2. According to our Key Stage 3 lesson cycle, every other history lesson starts with a quiz taken from the Knowledge Organiser. This may either be a low stakes recap quiz, or a high stakes test for which the pupils revise, and we take in the marks. Almost always, pupils’ marks increase thanks to self-quizzing homework – gratifying for the pupil and teacher alike.quiz-1quiz-2
  3. We return to the same quizzing questions at relevant points throughout the year. For example, the 10 questions here on the feudal system will reappear towards the end of Year 7 when we come to teach the Peasants’ Revolt, re-activating pupils’ prior knowledge about the structure of medieval society.

Aside from simplifying my planning, the enormous benefit of this is that pupils constantly revisit the same questions and answers, through verbal recapping, quizzes, self-quizzing homework, and tests. Facts such as ‘The Harrying of the North’ took place in 1069, following an Anglo-Saxon rebellion in Durham, become automatic.

The benefit for this was abundantly clear when I marked my Year 7’s essays at the end of the unit. We set pupils the essay ‘How did William the Conqueror establish Norman control over England?’, and spent a lesson planning an essay with three chapters looking at the role played by violence, leadership and luck, followed by a conclusion deciding which factor was most important.

The essay was written during a 55-minute lesson. Almost all pupils were able to thread their paragraphs with specific, detailed information from the Knowledge Organisers. Below is a paragraph from a top-ranking piece of work, with detail from the Knowledge Organiser highlighted in yellow:


And also two paragraphs from a middle-ranking piece of work:


I have often wondered why critics of knowledge-based teaching insist that facts committed to memory are axiomatically ‘disconnected’ or ‘meaningless’. Facts obviously can be these things. But when facts are extracted from key reading completed throughout the term, and applied to a piece of analytical history writing at the end of the term, they are steeped in meaning.

Historical meaning comes from webs of understanding, and these webs are created by linking together a knowledge of people, places, dates, events and concepts. I have encountered no better means of codifying that knowledge than in a Knowledge Organiser.

Keep it simple, stupid

Until recently, I thought I was a pretty traditional teacher. But nevertheless, I carried with me some watered down assumptions of child-centred teaching that had wheedled their way into my practice. It took a visit to Michaela Community School for me to appreciate how much I still had to shed.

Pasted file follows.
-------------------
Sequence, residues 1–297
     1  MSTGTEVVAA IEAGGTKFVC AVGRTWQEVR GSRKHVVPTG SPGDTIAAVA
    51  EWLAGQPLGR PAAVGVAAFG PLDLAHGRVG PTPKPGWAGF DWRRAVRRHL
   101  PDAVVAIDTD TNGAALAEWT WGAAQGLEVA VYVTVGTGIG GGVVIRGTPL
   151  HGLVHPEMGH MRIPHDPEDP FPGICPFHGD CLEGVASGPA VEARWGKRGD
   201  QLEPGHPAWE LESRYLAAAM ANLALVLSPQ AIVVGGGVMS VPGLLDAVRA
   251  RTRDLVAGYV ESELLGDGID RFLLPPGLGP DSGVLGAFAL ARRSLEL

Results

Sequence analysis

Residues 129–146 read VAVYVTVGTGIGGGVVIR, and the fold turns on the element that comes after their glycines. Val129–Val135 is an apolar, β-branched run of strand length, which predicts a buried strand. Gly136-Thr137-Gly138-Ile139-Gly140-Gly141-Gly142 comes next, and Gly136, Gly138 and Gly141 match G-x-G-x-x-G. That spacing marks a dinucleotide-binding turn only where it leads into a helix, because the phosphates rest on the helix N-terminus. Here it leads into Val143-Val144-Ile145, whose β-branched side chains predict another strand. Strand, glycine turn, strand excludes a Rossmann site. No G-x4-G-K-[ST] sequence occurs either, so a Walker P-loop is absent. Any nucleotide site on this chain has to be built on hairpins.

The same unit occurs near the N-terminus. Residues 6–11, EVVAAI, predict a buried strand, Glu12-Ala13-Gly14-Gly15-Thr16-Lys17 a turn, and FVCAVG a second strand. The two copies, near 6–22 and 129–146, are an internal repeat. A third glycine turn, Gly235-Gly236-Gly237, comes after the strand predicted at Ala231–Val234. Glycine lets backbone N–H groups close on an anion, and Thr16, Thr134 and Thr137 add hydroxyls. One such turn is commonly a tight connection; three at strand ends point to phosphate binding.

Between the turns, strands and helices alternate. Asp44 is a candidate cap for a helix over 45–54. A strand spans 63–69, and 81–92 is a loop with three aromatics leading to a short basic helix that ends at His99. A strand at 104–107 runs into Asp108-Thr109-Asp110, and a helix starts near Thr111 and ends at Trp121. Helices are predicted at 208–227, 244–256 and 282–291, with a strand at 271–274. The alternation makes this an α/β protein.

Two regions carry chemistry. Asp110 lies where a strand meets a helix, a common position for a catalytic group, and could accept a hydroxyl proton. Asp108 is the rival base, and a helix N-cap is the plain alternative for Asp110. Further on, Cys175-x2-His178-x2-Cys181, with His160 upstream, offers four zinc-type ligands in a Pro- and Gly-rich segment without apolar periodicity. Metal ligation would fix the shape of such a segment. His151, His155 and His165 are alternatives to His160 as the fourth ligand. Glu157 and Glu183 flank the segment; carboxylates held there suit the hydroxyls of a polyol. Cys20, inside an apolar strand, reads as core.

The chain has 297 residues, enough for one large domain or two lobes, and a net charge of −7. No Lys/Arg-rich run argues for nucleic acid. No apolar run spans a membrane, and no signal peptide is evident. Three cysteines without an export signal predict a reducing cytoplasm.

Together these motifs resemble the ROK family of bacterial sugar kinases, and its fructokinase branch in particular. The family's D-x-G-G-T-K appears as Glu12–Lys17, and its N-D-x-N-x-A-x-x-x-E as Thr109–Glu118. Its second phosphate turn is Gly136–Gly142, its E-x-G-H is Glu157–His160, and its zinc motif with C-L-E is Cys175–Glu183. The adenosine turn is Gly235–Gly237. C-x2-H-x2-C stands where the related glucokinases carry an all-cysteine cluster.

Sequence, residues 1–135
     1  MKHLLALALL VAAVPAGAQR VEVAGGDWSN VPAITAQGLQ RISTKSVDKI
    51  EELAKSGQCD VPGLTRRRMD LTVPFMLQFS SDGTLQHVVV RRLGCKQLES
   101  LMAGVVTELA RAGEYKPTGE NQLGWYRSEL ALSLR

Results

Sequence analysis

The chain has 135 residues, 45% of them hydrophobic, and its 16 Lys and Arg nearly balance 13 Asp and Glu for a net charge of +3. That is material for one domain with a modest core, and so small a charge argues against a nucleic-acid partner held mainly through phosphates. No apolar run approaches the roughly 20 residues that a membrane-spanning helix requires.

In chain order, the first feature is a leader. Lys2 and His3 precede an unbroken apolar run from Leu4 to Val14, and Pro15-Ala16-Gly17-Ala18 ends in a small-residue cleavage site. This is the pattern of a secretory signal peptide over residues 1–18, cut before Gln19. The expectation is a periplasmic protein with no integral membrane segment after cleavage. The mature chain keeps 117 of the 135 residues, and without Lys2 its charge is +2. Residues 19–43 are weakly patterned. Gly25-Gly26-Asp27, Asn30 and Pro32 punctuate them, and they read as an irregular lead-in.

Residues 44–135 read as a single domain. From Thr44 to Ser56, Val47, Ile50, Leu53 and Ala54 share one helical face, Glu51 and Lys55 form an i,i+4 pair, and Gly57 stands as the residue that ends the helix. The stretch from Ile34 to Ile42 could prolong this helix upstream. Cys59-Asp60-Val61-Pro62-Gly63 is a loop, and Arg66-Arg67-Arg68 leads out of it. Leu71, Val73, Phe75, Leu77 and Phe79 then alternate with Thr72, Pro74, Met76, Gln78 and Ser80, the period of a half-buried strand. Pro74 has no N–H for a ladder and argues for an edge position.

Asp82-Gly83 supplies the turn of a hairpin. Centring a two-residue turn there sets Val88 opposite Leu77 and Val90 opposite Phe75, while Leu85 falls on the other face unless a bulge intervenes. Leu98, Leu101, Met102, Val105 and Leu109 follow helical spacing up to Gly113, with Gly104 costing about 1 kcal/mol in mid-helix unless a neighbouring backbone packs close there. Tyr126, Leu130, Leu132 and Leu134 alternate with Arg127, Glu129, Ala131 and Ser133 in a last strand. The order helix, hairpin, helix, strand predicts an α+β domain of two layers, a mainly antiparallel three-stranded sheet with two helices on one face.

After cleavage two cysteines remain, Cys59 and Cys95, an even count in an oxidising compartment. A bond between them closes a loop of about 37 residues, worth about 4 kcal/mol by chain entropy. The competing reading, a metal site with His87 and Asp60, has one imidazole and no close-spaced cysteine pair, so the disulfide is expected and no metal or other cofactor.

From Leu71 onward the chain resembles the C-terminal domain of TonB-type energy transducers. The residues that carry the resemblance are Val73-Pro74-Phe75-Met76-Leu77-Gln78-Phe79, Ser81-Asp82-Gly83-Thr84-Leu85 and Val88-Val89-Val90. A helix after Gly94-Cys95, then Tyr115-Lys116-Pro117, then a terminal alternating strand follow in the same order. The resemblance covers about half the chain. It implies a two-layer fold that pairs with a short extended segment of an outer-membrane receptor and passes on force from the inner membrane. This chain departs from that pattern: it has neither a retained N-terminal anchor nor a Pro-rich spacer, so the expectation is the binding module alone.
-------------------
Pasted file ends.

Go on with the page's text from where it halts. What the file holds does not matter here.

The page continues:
Since that date, I have been become a devout worshipper at Jo Facer’s shrine of uncomplicated teaching. At ResearchEd 2016, Jo delivered her talk ‘We Have Overcomplicated Teaching’. Listening to Jo’s talk, I realised how much of my teaching was geared towards fallacious notions of pupil engagement. And I began to realise how little was geared towards teaching for memory.

I am not talking about group work, carousel activities, or discovery learning – things had not gotten that bad. But I am talking about multiple activities per lesson, intricate PowerPoint presentations*, lots of resources (particularly historical sources to annotate), video clips, and a notion that no two lessons should ever be the same.

So, in September 2016, I decided that I would no longer strive to avoid repetitive lessons, but instead embrace them. Today, across years 7, 8, and 9, my lessons are uncompromisingly repetitive. And it is going great.

At West London Free School, our Key Stage 3 history lessons focus on a small number of high-leverage practices, many taken from the cognitive psychologist Barak Rosenshine’s ‘Principles of Instruction’. The main practices are quizzing, whole-class instruction, whole-class reading, extended writing, and verbal feedback. To ensure that these practices are consistently applied, I have devised a ‘lesson cycle’, on which all of our Key Stage 3 schemes of work are based.

All of our schemes of work are divided into twelve lesson units ending with an assessment, each intended to last half a term. Most lessons alternate between ‘reading lessons’ (for acquiring knowledge) and ‘writing lessons’ (for applying knowledge from the previous lesson). Though variations on the theme inevitably occur, the essential structure remains the same: